April 12, 2012
Step on board the 2012 time machine. First, we’re debating whether women should have combat roles, next, whether they should have unfettered access to birth control and now, whether they really “work” if they shun the traditional workforce to stay at home to raise children. But, as I was reaching into the back of my closet to see if I could my locate my old white bell-bottoms and the jacket with the Indian fringe on the sleeves, it dawned that this newest political hot button – touched off by Democratic operative Hilary Rosen’s comment that Ann Romney “hasn’t worked a day in her life” – is not the 1970s throwback that it appears to be at first blush.
During the daylong fallout from Rosen’s remark,Joan Walsh was among the commentators wondering aloud why we are once again this election season debating a question that has been asked and answered decisively since the feminist movement radically altered working lives for both sexes. But, on reflection, the quandary of work-versus-home touches a nerve for women that is still quite raw in some ways, despite three bygone decades of well-intentioned government actions intended to guarantee a level playing field of choice.
How many women who have chosen careers, while also having families, have not experienced the anguish of the unknowable emotional deprivations they fear they’ve inflicted on their kids? And how many women who have chosen to stay home have not experienced pangs of remorse for the under-utilized graduate degree or the unrequited dream of becoming a cop. And how many more women would just kill to have the choice? How many are dropping off kids at day care on their way to punch a clock at Walmart because it’s a job, not a career, and they didn’t choose it, they just need it.
It’s the latter problem for working women today that Rosen was hoping to illuminate this week, before getting sidetracked with an ill considered swipe at Ann Romney about whether she “works” or not. She wrote in her blog today, “I admire women who can stay home and raise their kids full time. I even envy them sometimes. It is a wonderful luxury to have the choice. But let’s stipulate that it is not a choice that most women have in America today.”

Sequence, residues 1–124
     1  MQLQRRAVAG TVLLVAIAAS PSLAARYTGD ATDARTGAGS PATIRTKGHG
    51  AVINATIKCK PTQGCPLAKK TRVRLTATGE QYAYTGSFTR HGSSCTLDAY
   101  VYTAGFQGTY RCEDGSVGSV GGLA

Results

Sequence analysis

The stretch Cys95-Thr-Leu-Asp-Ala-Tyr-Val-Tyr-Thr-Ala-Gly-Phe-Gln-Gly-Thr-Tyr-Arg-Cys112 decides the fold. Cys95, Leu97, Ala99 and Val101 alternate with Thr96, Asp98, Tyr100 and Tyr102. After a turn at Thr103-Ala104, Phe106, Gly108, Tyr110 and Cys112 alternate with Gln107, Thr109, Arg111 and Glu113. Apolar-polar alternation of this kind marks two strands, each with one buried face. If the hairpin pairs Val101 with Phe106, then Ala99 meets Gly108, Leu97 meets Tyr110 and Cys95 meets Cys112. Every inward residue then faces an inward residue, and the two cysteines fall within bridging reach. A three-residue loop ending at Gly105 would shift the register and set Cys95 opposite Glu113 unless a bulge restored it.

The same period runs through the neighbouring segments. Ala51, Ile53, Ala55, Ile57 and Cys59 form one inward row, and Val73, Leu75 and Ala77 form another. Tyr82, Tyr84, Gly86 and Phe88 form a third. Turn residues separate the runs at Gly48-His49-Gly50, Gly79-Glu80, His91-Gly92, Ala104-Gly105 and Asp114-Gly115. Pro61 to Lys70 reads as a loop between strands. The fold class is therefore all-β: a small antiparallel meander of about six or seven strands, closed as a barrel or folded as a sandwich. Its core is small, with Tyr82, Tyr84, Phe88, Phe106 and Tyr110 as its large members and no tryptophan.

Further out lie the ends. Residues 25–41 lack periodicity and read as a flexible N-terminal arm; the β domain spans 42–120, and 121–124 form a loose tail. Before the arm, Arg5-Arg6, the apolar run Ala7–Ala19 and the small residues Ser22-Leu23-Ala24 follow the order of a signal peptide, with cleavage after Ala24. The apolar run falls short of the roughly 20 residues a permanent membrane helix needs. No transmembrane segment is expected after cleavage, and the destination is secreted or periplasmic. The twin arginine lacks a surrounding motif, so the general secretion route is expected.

Romney is a wealthy woman, and she in fact enjoys the luxury of choosing between the workplace and raising her five kids. For that matter, Rosen is a sought-after and well-compensated political communications strategist who gets to make the same choice. Chances are, if cooler heads prevailed, neither would deny the other those very personal decisions. It’s just a lot tougher to know what to do about the Walmart women, who want choice too, but can’t afford it. That’s where the debate ceases to be about an old social issue and becomes a very relevant and current economic one.
There would be nothing at all anachronistic about the Rosen flap if it succeeds in prompting a debate in 2012 about ways to more evenly distribute the wealth of having the ability to choose.
- Hilary Rosen vs. Ann Romney: why the dust-up is fake – CSMonitor.com (mbcalyn.com)
- Mitt Romney’s problem with women is not Hilary Rosen, but Ann Romney | Washington Times Communities (mbcalyn.com)
- Let’s Please End This Phony ‘Girl Fight’ (newser.com)
- Ann Romney Versus Hilary Rosen (webpronews.com)
- Ann Romney Responds To Hilary Rosen’s “Never Worked A Day In Her Life” Comment [Video] (subzinfo.wordpress.com)
- Michelle Obama Sticks Up For Ann Romney, Avoids Attacking Hilary Rosen (inquisitr.com)
- FOX News Columnist Keith Ablow Finds a New LGBT Target: Hilary Rosen (towleroad.com)
- THE ANCHORESS: Hilary Rosen, Ann Romney and the Credentialists. “There is irony in Rosen sneering … (pjmedia.com)
- Fake Outrage of the Day: Hilary Rosen Criticizes Ann Romney, Right Wing Goes Nuts (littlegreenfootballs.com)
- Hilary Rosen/ann Romney (socyberty.com)